From Kelp Forests to Coral Reefs

Posted: April 15, 2014

Life in South Caicos forms its own universe, far from cafes, bookstores, movies, and fresh summer peaches. Wild donkeys and horses meander down streets, into private yards, past the dive shed, onto the school’s volleyball court and up to the kitchen, where an anonymous hand tosses out an occasional apple or two. The neighbour’s dogs keep one company as one sits on the school wall after dinner, and eventually adopt a newcomer into their pack (complementary flea removal courtesy of Clyde, the brindle).

Seaward, the ocean runs in shades of aquamarine, with habitat from mangroves to deep walls found within a 5-minute boat ride. Landward, the reality of human impacts on natural systems is starkly evident. This interface between natural and developed worlds makes South Caicos an excellent location for this program. The conservation and resource management issues affecting local tropical reef and coastal systems provide opportunities for research that can contribute valuable information to local stakeholders and facilitate the development of management strategies.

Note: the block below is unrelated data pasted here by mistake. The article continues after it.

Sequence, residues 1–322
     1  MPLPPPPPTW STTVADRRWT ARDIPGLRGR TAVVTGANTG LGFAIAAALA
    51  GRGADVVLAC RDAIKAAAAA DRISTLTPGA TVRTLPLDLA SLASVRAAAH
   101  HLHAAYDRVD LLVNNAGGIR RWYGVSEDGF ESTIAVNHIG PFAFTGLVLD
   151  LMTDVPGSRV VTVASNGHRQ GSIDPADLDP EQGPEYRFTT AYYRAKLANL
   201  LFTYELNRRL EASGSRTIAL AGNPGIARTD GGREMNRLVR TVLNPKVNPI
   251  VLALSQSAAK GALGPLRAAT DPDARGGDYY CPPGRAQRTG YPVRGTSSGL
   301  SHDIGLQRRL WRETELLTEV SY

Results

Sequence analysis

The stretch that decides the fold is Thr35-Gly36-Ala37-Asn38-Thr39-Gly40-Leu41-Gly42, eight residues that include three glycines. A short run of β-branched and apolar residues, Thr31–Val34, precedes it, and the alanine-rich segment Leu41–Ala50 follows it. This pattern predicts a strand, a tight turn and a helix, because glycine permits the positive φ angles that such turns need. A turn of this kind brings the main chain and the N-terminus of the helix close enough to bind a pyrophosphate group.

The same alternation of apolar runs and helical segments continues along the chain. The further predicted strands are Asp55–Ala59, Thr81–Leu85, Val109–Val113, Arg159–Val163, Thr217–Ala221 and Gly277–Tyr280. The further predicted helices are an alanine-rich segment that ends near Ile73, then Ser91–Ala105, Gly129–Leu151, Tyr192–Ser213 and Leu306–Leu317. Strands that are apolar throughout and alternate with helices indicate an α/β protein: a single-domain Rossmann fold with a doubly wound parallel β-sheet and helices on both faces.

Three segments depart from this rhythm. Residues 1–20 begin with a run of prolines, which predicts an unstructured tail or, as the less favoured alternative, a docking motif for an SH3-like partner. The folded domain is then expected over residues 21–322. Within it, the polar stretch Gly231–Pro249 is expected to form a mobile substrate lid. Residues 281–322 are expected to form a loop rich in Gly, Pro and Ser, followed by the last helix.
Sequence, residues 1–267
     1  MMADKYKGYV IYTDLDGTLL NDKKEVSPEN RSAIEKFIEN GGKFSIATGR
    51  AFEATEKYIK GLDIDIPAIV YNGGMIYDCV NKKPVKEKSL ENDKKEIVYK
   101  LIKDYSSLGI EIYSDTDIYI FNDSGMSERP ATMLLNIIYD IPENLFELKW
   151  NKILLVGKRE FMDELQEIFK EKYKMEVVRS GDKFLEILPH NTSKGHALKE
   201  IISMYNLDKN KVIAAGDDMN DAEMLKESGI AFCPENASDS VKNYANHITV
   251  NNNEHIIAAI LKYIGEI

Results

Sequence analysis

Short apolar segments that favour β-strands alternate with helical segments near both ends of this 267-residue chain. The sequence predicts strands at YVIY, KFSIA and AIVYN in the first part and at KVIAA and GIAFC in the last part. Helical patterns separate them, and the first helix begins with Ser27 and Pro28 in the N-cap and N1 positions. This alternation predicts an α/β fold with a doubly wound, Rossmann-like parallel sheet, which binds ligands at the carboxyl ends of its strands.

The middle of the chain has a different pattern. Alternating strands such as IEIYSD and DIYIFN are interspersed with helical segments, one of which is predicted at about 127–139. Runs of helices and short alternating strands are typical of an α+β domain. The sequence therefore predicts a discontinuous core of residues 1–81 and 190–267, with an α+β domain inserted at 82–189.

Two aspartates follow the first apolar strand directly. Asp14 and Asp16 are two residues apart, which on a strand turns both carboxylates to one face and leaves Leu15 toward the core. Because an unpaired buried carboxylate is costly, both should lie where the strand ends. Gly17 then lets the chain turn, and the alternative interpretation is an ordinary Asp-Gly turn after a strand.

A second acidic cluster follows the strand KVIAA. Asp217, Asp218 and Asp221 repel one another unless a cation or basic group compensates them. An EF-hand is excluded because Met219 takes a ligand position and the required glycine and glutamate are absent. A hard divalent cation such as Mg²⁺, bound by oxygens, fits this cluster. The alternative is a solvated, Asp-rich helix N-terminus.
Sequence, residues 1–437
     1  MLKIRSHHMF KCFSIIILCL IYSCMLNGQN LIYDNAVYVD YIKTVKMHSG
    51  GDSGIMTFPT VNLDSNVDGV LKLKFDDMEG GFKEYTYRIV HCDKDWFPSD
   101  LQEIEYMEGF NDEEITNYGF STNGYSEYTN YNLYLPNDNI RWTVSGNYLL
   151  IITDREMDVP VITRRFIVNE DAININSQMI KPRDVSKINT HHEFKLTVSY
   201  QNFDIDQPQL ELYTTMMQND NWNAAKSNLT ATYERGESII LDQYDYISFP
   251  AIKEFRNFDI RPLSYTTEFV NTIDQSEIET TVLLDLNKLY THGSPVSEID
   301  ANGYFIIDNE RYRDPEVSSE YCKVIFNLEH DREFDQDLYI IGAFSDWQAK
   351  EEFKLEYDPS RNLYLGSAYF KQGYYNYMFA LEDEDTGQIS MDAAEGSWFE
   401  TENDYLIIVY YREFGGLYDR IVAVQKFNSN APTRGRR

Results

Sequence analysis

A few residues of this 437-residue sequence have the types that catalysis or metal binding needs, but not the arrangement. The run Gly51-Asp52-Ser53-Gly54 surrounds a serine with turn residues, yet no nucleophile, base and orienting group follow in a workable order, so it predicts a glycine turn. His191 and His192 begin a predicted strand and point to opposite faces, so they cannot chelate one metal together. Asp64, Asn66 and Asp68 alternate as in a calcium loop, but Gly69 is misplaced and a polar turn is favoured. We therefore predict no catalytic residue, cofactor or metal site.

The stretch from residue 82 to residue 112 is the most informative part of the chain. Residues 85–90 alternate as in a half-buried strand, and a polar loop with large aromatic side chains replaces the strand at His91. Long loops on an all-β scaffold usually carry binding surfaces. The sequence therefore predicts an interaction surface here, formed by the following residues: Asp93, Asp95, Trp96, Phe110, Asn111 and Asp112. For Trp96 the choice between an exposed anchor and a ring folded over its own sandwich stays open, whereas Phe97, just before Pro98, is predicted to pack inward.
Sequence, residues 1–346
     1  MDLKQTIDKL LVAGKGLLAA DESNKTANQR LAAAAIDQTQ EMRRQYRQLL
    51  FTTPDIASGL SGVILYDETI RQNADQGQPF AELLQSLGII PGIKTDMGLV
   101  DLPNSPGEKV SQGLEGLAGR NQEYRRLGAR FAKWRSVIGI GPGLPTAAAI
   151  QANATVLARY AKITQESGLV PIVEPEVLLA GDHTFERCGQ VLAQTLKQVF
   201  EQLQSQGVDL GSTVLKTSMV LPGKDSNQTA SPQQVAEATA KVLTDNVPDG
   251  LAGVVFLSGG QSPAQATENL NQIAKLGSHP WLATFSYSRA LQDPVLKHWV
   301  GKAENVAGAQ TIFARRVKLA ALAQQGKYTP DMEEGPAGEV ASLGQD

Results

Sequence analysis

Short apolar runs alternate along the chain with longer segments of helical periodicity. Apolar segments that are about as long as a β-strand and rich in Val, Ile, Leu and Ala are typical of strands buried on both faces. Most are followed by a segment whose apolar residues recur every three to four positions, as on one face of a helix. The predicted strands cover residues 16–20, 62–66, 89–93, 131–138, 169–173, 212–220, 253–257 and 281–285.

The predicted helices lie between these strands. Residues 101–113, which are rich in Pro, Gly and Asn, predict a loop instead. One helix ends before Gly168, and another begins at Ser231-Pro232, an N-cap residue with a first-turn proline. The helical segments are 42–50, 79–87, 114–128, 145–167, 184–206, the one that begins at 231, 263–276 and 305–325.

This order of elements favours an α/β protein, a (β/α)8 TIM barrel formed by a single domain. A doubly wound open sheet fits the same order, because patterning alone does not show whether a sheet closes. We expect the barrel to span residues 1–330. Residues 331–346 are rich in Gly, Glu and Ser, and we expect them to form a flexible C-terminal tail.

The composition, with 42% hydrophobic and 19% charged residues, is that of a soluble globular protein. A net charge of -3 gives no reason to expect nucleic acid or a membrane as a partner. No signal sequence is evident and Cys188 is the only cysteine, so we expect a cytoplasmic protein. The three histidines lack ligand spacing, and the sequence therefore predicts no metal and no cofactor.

Coming here to work after completing my Ph.D. in temperate rocky-reef ecology has afforded me the privilege and opportunity to learn about and work on tropical reef ecosystems from an applied perspective, and to pass on this knowledge to students.  It has been a pleasure to watch the students develop from tenderfoots into confident researchers capable of applying information from their classes in environmental policy, marine ecology, and marine resource management to their own research topics. They arrived as sun-seeking hammock dwellers and they will leave as hard-working investigators able to intelligently discuss a range of current issues facing stakeholders living in developing tropical island communities with limited resources.